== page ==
Once a securities contract was identified, the Second Circuit needed to determine whether the transfers to the customers were “in connection with” that contract. Not persuaded by SIPC’s argument that Ponzi scheme payments could never be in connection with a securities contract, the Second Circuit concluded that section 546(e) sets a “low bar” for showing a relationship between the securities contract and the transfer subject to scrutiny. Here, the payments were “in connection with” a Ponzi scheme, but they were also “in connection with” the customers’ account documents with Madoff’s firm, bringing them within the protected scope of section 546(e).
To complete its analysis, the Court of Appeals noted that the transfers also qualified for protection under section 546(e) as “settlement payments.” (Fun fact: most transfers that qualify as transfers “in connection with a securities contract” will also qualify as “settlement payments.” The reverse is not necessarily true.) The Trustee again tried to argue the transfers did not qualify as “settlement payments” because no actual securities trading happened, but the circuit court, following its decision in Enron, held that the statutory definition of “settlement payment” is to be broadly construed to apply to the transfer to cash or securities to complete a securities transaction. Here, each time a customer sought to withdraw funds from its account, it intended that Madoff sell/liquidate securities in its account and remit the related payment to the customer. That intent was sufficient to turn the payment to the customer into a “settlement payment” subject to safe harbor protection.
Earlier this week, the American Bankruptcy Institute released its report on how Chapter 11 should be reformed and updated. The report reviewed the treatment of the Bankruptcy Code’s safe harbors and, with respect to section 546(e), concentrated its recommendation on narrowing the safe harbor protection in connection with leveraged buyouts. The Commission to Study the Reform of Chapter 11 did not recommend reducing the coverage of section 546(e) for securities purchases and sales, options, loans, and other transfers and transactions currently protected by section 546(e).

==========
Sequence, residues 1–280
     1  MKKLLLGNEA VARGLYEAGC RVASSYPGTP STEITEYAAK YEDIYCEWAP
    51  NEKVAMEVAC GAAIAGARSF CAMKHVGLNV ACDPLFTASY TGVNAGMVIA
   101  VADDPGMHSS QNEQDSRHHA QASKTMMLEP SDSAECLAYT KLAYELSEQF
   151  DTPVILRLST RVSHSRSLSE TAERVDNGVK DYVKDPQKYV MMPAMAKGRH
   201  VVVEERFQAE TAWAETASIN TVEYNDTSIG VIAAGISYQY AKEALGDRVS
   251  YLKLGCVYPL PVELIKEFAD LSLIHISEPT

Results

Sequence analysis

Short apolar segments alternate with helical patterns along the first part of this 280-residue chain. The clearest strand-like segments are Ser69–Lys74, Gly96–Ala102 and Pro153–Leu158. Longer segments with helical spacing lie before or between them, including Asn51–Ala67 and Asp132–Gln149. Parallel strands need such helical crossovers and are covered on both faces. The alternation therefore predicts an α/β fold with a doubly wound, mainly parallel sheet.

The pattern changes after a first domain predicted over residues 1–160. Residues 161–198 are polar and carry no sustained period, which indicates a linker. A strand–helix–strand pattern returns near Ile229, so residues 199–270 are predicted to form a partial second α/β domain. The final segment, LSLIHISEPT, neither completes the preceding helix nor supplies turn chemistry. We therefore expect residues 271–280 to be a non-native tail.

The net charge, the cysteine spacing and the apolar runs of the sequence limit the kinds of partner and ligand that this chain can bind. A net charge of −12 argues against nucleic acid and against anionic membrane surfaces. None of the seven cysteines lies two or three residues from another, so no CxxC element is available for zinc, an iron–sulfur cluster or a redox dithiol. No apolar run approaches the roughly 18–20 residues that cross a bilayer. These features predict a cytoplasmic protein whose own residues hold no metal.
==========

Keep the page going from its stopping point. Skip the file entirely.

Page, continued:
The Second Circuit’s decision in Madoff makes sense under section 546(e)’s current language and its intent to avoid significant market disruption that could be caused by the avoidance of certain types of transfers. The decision will continue to make sense if the ABI Commission’s recommendations are eventually adopted. The Second Circuit focused, appropriately, on the language of Bankruptcy Code section 546(e), and held the customers’ account documents fit within the definition of a “securities contract” with the related transfers sufficiently in connection with the contract. The Court of Appeals also noted that protecting these transfers was in line with the intent of the safe harbor. If the Trustee were able to pursue these avoidance actions to claw back “millions, if not billions of dollars” from hundreds of customers, many of which are institutional investor and feeder funds, the lawsuits could have caused the “significant market disruption” that Congress enacted the safe harbors to avoid.